According to the IRS tax year 2022, these are the thresholds by filing status. If an independent student (and spouse, if married), or a parent of a dependent student, were not required to file a federal income tax return for 2022, then the student will automatically receive a Student Aid Index (SAI) equal to –1500. They still need to provide consent when submitting the FAFSA, so the IRS can confirm to Federal Student Aid (FSA) the student, parents, and spouse didn't file taxes.
No. Starting FAFSA 2024-25, the DRT will no longer exist. After the student, spouse, and/or parent provides consent to the Direct Data Exchange (FADDX), the Federal Tax Information (FTI) will be linked to the application contributor. Federal Student Aid (FSA) will now directly transfer Federal Tax Information (FTI) from the IRS into the FAFSA form as long as the user has provided FSA with the consent to do so.
All users identified as required contributors on a particular FAFSA form will be prompted to provide consent for the IRS to use their Federal Tax Information (FTI). This consent is required to retrieve FTI from the IRS to calculate the student's aid eligibility. If any party to the FAFSA form does not provide consent, submission of the form will still be allowed. However, a Student Aid Index (SAI), which replaces the Expected Family Contribution (EFC), will not be calculated.
Starting with the Simplified FAFSA, students will determine which parent to report based on which one provides the most financial support. It is ok if the parent or parents reported do not claim the student on their taxes. The reported parents will provide consent to transfer their taxes data even if they do not claim the student on their taxes.
Yes. If the parent providing more financial support is remarried, the stepparent's tax information is required.
Our Federal Aid Advisors can offer to talk directly with the parent or stepparent to explain why that information is needed and answer any questions, which sometimes puts them at ease about how their sensitive info will be used. However, we cannot provide tax advice.
Independent students or parents are the best sources for this estimate; they can also consult their accountant or other financial professional if they have access to one to estimate the amounts to report.
Being self-employed does end up showing business income on tax returns. But it depends on the type of work whether or not they will have to report any assets associated with their business.
Yes. Starting 2024-25, when the student, spouse, parent, and/or stepparent provide consent, the IRS's Federal Tax Information (FTI) will include the information from an amended tax return.
After you provide consent on the FAFSA, if the IRS cannot transfer your Federal Tax Information (FTI) to your FAFSA application, the application will allow you to self-report it. Self-reporting one's tax information on the FAFSA does not override the requirement for each required contributor to provide consent on the FAFSA form. So, two pieces - they need to provide consent, and we need to have their tax information, either directly from the IRS or self-reported manually on the FAFSA form.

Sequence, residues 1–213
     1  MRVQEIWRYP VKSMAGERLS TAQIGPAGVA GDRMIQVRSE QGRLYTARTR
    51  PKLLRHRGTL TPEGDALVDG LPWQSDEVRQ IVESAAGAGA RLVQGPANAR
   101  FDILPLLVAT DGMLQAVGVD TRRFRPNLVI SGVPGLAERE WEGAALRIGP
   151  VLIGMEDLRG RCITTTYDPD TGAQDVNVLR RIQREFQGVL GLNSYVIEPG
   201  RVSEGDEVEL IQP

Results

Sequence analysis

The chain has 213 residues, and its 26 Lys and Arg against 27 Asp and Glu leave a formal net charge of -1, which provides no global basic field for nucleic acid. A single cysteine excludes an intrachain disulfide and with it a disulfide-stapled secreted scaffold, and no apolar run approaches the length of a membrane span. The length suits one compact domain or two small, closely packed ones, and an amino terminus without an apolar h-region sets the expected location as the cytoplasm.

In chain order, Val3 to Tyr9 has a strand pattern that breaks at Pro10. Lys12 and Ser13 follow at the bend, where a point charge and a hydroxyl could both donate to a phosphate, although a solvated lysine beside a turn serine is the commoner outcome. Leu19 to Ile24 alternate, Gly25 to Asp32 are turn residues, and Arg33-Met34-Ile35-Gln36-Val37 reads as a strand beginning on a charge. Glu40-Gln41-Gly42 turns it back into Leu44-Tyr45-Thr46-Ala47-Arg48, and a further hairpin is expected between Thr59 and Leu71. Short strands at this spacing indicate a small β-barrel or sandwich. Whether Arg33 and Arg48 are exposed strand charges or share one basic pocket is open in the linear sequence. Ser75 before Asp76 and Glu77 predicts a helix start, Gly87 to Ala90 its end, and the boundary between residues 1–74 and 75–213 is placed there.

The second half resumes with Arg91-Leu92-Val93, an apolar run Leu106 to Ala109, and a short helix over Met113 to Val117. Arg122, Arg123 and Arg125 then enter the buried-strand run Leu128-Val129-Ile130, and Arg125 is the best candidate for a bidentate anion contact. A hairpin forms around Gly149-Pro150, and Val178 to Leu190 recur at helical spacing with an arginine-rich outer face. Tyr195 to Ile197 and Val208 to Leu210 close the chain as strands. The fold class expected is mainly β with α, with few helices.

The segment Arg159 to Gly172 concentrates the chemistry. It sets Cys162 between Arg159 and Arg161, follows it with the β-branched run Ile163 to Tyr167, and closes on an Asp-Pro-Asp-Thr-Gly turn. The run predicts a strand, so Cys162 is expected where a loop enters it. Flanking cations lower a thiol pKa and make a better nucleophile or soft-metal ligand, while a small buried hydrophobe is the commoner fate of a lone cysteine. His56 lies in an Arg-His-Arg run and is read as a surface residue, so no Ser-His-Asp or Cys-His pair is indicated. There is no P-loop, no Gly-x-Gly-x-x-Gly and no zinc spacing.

Any individual who is a contributor to the FAFSA application must provide consent. This includes parents, and independent students, regardless of their tax filing status. Generally, the parents of independent students are not contributors and would, therefore, not need to provide consent.
Starting 2024-25, there will be only two options for filing a FAFSA form: electronically, through studentaid.gov, or the option to file on paper which will also be available. However, once an application is started online, all parties must complete it online. So that means that if a signature is missing, the parent or the contributor that needs to complete their section and/or sign the application must obtain an FSA ID and get into the application and complete their section.
There is no option to print a signature page any longer. For this reason, financial aid administrators will not be able to submit complete FAFSA forms because of the consent provision that all contributors must provide and sign.
Students and parents will be required to have an FSA ID to complete the FAFSA application online. If they choose to mail a paper FAFSA, both will need to provide consent on the paper FAFSA, and both will need to provide wet signatures and mail the application to the Department of Education address on the paper application. This method is not recommended due to complexity and increased processing time.
Fraud or identity theft are the most likely reasons for the IRS not providing tax information to the applicant or the contributor. If the contributor has been flagged by the IRS, possibly due to identity theft or a breach of some sort to their information, then the IRS response code will be IRS enabled to provide information.
There is no longer a separate signature page, and there won't be a consent signature option on paper. There are two alternative options for contributors to provide consent who do not want to or refuse to create an FSA ID. One option is to submit a paper FAFSA form completed by all contributors and mailed to the Federal Student Aid. This method is not recommended due to complexity and increased processing time.